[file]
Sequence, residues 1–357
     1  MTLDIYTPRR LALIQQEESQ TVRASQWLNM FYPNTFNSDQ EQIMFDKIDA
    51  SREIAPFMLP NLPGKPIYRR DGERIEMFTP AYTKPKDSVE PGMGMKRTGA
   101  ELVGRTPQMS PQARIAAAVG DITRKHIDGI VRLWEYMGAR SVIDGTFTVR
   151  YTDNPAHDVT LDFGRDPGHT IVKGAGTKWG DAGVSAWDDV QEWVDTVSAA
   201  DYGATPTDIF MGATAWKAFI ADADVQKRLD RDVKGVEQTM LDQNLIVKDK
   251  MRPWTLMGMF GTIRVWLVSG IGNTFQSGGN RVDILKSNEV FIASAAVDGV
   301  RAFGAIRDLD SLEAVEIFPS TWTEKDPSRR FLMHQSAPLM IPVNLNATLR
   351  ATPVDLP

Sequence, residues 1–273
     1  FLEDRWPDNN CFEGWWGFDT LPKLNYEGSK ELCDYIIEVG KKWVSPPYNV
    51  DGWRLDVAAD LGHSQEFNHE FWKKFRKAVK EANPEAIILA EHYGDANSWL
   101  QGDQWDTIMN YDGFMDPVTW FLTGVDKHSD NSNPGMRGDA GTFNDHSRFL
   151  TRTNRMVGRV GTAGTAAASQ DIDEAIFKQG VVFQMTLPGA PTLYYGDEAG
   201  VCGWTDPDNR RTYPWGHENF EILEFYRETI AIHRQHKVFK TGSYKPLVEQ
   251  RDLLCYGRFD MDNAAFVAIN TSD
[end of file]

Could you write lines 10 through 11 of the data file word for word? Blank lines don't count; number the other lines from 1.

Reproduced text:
Sequence, residues 1–273
     1  FLEDRWPDNN CFEGWWGFDT LPKLNYEGSK ELCDYIIEVG KKWVSPPYNV